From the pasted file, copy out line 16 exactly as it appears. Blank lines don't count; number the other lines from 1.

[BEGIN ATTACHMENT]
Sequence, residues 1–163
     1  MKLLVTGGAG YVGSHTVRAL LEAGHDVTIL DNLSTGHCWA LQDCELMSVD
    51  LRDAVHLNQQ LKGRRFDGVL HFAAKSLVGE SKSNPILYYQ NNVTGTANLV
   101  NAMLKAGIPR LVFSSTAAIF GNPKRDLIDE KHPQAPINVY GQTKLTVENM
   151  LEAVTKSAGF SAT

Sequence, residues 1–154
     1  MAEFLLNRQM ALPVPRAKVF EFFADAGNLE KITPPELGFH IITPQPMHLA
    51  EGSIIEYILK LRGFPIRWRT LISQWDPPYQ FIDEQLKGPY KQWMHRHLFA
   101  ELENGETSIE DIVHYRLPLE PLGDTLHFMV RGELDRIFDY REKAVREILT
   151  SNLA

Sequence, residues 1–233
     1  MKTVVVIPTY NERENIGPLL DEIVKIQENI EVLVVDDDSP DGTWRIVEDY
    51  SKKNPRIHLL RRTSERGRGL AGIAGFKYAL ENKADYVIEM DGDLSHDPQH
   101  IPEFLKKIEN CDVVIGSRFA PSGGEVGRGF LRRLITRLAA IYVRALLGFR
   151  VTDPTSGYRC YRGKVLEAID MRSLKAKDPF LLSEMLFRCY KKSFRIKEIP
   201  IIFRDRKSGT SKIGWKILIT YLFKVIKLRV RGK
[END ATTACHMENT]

   201  IIFRDRKSGT SKIGWKILIT YLFKVIKLRV RGK